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Kelly wins Women in Science prize – @theU – @theU

Kerry Kelly
University of Utah chemical engineering associate professor Kerry E. Kelly is one of five national winners of the 2022 Women In Science Incentive Prize, an award that recognizes “innovative female scientists working on solutions to the most pressing environmental issues of our time.”
The prize is given out by The Story Exchange, a non-profit media organization dedicated to elevating women’s voices through video, articles, and a podcast. Each winner will receive a $5,000 grant. Click here to see a list of this year’s recipients.
Kelly was honored for her research on Utah’s air quality and her work developing and building portable air quality sensors that regular consumers can purchase for their homes. These sensors can then be connected to a network of other air quality sensors along Utah’s Wasatch Front that measure particulate matter and other environmental details. Their AirU program includes an interactive real-time air quality map of the Wasatch Front that can alert readers of what the pollution is like in particular areas. Their network is also part of Salt Lake County’s new AirView air quality map, which also tracks particulate matter in real-time throughout the county. U chemical engineering associate professor (lecturer) Tony Butterfield, electrical and computer engineering associate professor Pierre-Emmanuel Gaillardon and School of Computing professor Ross Whitaker worked with Kelly on the development of the portable sensors and the U’s air quality network.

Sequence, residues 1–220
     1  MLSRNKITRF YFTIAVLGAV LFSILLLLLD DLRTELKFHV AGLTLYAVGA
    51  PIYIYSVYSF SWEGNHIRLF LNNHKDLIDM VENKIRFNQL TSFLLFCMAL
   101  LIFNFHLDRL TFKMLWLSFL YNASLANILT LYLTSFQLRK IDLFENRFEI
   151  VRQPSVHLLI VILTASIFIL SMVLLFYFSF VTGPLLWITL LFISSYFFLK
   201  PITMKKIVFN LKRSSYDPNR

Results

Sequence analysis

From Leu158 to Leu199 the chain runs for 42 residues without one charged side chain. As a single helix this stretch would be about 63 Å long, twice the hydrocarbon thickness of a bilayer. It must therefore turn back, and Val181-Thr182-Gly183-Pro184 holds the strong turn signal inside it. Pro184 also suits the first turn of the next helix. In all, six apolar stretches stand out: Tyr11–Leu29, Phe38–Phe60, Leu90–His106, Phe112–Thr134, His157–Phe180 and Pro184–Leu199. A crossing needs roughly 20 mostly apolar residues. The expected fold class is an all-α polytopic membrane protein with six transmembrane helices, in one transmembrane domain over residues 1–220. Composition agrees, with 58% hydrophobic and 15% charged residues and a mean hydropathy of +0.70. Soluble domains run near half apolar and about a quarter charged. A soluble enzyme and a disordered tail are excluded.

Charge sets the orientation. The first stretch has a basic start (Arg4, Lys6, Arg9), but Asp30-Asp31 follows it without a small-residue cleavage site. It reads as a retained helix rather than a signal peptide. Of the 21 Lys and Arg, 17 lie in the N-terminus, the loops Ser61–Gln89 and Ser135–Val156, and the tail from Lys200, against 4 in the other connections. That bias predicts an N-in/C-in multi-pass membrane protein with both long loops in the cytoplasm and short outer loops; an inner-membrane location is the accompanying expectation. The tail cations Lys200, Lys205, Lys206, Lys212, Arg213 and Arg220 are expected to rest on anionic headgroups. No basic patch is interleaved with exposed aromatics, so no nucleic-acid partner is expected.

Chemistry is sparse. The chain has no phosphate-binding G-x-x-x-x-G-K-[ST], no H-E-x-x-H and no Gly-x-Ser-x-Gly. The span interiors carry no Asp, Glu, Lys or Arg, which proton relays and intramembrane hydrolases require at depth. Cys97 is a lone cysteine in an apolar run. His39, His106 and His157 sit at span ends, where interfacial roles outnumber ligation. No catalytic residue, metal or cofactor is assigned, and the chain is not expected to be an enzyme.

Kelly received a bachelor’s in chemical engineering from Purdue University. She also earned a master’s from the University of North Carolina, Chapel Hill, and a doctorate from the U, both in environmental engineering. She currently is associate director for the Program for Air Quality, Health and Society and served eight years on Utah’s Air Quality Board.
In 2019, she received the American Institute of Chemical Engineers (AIChE) Environmental Division Early Career Award, which honors those with “outstanding contributions in environmental chemical engineering in the early stages of the recipient’s career.” And in 2018, she was awarded the Clean Air Person of the Year by the Utah Clean Air Partnership (UCAIR) for her continued work and research into fighting Utah’s air pollution problems.
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